“We do strenuous 360-degree evaluations with management,” McCracken noted. “Why can’t we hold ourselves, as board members, to the same standard?” And since board members are peers, it is helpful to have a third party conduct the assessments. Young shared an example from her own experience in which individual director evaluations were truly 360-degree, incorporating input from senior management: “It was tremendously enlightening, really eye-opening.”
Be prepared to engage with shareholders.
The importance of regularly scheduled meetings with shareholders cannot be overestimated. “Don’t just wait for a problem to arise,” Shorr advised, noting that information exchange is a two-way street. The board should also have ways to gather unfiltered information about shareholders’ priorities and concerns.
McCracken emphasized this point: “In today’s world, board members need to talk to shareholders. Regulation FD is a non-issue, a red herring, and directors can’t use it as an excuse.” The BRC report provides detailed guidance that directors can use to prepare for shareholder meetings.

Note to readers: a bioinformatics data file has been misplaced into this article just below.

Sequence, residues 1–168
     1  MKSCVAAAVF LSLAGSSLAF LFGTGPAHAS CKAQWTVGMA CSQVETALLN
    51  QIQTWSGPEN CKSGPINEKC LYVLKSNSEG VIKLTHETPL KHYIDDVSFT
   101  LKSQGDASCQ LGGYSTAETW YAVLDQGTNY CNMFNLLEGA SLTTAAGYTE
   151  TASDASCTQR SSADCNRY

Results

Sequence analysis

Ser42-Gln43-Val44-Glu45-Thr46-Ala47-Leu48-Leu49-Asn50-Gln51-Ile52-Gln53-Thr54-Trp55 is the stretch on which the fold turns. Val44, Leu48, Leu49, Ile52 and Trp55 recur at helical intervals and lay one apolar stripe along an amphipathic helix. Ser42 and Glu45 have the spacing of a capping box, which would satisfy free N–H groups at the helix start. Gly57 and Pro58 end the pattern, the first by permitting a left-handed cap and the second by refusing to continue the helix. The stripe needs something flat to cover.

The BRC Report on the Board and Long-Term Value Creation is a natural extension of last year’s BRC report, which recommended that directors get involved in strategy decisions early on and remain involved with them, Schorr said. Doing so can help push management toward goals that promote long-term value creation with links to interim performance milestones that are clear to shareholders. “It’s more than understanding and doing defensive analysis. It’s getting into the boardroom and doing a lot of the things activists are doing,” Schorr said.
Moderator Young summarized the report’s significance this way: “This report helps directors to take a systems approach to engaging with management on strategy and driving value creation.”
This timely publication is the NACD’s twenty-second BRC report and represents the thought leadership of more than 20 eminent directors and trailblazers in business and government. Distributed to attendees of the GBLS and available to NACD members at www.nacdonline.org/value, the report contains the following practical guidance for the directors and boards of public, private, and nonprofit organizations:
Ten recommendations on the board’s role in driving long-term value creation
Eleven red flags that indicate a lack of alignment between short-term goals and long-term strategy
Specific steps directors can take regarding CEO selection and evaluation, capital allocation, and other elements related to long-term value creation
Eight appendices that offer detailed insights and practical boardroom tools